You explain in the results that this motivates the use of the term categoricity, but then don’t use that term consistently. Instead you describe it as separate effects, e.g. in the abstract.

The term categoricity may be problematic for other reasons. A better description might be “relative enhancement of task-relevant representational distinctions”. Results would be more interpretable if crossvalidated distances were used, because this would enable assessment of changes in discriminability. By contrast, larger correlation distance can also result from reduced responses or nosier data.

 

Map-inferential thresholds are not discernable: In Fig. 2, all locations with positively model-correlated RDMs are marked in red. The locations exceeding the map-inferential threshold are not visible because the colour scale uses red for below- and above-threshold values. The legend (not just the methods section) should also clarify whether multiple testing was corrected for and if so how. The Fig. 2 title “Effect of attention on local representation of behaviour and taxonomy” is not really appropriate, since the inferential results on that effect are in Fig. S3. Fig. S3 might deserve to be in the main paper, given that the title claim is about task effects.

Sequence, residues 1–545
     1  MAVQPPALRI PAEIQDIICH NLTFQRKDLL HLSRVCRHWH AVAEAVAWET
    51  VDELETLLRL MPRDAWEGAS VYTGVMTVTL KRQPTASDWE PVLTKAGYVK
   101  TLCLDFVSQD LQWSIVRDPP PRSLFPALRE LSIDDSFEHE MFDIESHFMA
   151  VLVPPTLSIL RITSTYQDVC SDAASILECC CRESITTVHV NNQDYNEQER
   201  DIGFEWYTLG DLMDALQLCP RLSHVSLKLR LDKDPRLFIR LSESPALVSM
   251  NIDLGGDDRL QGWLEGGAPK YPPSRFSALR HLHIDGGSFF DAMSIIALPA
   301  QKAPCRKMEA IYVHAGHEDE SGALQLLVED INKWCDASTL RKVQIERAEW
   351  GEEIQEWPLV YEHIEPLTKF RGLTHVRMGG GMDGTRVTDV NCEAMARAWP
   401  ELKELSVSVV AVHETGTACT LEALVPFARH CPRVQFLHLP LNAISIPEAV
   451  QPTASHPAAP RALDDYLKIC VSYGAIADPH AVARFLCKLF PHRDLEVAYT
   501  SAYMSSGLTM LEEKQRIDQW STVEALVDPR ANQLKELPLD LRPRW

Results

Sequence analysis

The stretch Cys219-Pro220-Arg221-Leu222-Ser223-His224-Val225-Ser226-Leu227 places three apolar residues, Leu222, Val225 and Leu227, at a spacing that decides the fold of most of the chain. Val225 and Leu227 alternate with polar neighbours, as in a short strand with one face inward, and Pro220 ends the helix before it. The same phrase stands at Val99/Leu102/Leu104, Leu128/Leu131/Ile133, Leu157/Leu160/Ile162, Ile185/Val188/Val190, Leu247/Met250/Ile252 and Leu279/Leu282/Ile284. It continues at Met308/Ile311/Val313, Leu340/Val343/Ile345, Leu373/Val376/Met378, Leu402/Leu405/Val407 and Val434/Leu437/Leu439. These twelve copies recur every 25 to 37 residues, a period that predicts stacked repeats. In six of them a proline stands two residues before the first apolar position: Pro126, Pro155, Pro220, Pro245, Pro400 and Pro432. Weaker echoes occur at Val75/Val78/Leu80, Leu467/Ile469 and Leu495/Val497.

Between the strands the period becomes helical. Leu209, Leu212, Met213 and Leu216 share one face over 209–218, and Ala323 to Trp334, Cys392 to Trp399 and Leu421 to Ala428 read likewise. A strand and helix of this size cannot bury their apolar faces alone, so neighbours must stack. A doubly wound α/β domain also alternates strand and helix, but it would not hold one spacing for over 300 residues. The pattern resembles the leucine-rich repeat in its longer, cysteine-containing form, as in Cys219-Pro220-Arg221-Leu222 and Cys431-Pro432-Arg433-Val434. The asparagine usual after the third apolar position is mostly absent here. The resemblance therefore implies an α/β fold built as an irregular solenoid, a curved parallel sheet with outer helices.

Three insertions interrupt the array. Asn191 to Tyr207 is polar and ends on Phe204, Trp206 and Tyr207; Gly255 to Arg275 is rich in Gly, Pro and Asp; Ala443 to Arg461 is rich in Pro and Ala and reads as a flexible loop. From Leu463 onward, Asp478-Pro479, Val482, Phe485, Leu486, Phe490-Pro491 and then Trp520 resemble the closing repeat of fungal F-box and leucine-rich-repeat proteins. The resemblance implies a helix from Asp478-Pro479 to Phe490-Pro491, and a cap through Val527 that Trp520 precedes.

Videos on YouTube: To interpret these results, one really has to watch the 20 movies. How about putting them on YouTube?

 

Previous work: The work of Peelen and Kastner and of Sigala and Logothetis on attentional dependence of visual representations should be cited and discussed.

 

Colour scale: The jet colour scale is not optimal in general and particularly confusing for the model RDMs. The category model RDMs for behaviour and taxa seem to contain zeroes along the diagonal, ones for within-category comparisons and twos for between-category comparisons. Is the diagonal excluded from model? In that case the matrix is binary, but contains ones and twos instead of zeroes and ones. While this doesn’t matter for the correlations, it is a source of confusion for readers.

 

Show RDMs: To make results easier to understand, why not show RDMs? Could average certain sets of values for clarity.

 

Statistical details

“When considering all surviving searchlights for both attention tasks, the mean regression coefficient for the behavioural category target RDM increased significantly from 0.100 to 0.129 (p = .007, permutation test).”
Unclear: What procedure do these searchlights “survive”? Also: what is the null hypothesis? What is permuted? Are these subject RFX tests?

The linear mixed effects model of Spearman RDM correlations suggests differences between regions. However, given the different noise levels between regions, I’m not sure these results are conclusive (cf. Diedrichsen et al. 2011).